As you can see, there is a warning that says Skipped unknown 160 bytes after JPEG APP1 segment. It is not very clear what this means so another thing that can be tried is to open this file in gimp and see if it work. When trying to open this file with gimp, it shows the following error.

So, it is clear that there are 160 additional bytes before 0x9d position. So, we can try to remove them and see if the image opens. Many tools and commands like the following can be tried from none of them work

# jpegtran -copy none -optimize -outfile min.image.jpg image.jpg
# jpegtran -progressive -copy none -optimize -outfile min.pro.image.jpg image.jpg
# exiftool -all= image.jpg
# magick mogrify -strip image.jpg
# magick mogrify -set comment "XXXX" image.jpg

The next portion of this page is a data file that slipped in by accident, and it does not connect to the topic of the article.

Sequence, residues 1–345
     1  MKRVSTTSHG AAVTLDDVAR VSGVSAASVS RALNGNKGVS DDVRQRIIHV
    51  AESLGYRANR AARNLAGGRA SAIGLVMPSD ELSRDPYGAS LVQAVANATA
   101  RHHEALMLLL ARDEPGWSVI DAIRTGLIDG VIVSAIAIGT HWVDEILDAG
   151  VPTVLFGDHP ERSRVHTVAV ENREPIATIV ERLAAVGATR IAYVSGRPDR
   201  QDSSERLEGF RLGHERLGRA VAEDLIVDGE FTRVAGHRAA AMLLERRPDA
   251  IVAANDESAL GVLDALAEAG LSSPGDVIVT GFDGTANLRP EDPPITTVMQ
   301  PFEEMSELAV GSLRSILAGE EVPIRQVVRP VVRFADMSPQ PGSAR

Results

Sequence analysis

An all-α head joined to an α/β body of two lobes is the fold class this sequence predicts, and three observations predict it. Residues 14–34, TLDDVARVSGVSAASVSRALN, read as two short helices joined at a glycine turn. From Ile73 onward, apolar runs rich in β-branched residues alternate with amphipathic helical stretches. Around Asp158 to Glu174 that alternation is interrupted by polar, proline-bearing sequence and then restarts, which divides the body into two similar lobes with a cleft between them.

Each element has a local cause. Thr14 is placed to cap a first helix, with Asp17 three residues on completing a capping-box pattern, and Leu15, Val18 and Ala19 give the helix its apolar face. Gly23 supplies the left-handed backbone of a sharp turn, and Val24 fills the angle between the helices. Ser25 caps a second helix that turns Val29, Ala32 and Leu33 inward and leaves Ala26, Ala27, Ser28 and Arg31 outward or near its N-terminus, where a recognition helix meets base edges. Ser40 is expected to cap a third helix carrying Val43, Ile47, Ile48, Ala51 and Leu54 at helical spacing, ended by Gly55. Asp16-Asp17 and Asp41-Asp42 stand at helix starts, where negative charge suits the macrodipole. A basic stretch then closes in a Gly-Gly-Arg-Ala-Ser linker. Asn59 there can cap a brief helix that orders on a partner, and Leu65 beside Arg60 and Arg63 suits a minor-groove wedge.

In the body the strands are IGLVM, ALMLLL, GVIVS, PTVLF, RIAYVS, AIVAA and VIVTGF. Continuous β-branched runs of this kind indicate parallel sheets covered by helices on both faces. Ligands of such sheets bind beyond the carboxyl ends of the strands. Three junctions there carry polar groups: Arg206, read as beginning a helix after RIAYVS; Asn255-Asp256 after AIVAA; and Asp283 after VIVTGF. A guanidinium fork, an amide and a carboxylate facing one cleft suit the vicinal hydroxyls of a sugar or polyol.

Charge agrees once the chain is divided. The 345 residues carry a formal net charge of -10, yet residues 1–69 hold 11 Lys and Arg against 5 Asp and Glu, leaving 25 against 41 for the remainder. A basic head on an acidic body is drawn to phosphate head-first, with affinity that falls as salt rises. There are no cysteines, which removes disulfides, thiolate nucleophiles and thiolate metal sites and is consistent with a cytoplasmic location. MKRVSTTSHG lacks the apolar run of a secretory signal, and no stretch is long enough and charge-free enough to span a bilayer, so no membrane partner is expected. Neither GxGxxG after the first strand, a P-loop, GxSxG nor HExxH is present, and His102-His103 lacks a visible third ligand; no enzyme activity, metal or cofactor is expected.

Though we can still get the flag through maybe an unitended way and this is by opening your file browser and enlargin the thumbnail of the image. The flag can be seen in the thumbnail.

And there we get our flag: PCT{c0rrupt3d_b1t5_4r3_c00l}

Capybara — Forensics

Challenge Description

What a cute picture of a capybara!

Solution

For this challenge a file called as capybara.jpg is provided. As usual the file can be analyzed using file and exiftool.

$ file capybara.jpeg
capybara.jpeg: JPEG image data, JFIF standard 1.01, resolution (DPI), density 96x96, segment length 16, comment: "CREATOR: gd-jpeg v1.0 (using IJG JPEG v80), quality = 82", baseline, precision 8, 1200x630, components 3

$ exiftool -a capybara.jpeg
ExifTool Version Number : 12.65
File Name : capybara.jpeg
Directory : .
File Size : 158 kB
File Modification Date/Time : 2023:09:09 09:43:21-07:00
File Access Date/Time : 2023:09:10 11:27:24-07:00
File Inode Change Date/Time : 2023:09:09 09:43:21-07:00
File Permissions : -rwxr-xr-x
File Type : JPEG
File Type Extension : jpg
MIME Type : image/jpeg
JFIF Version : 1.01
Resolution Unit : inches
X Resolution : 96
Y Resolution : 96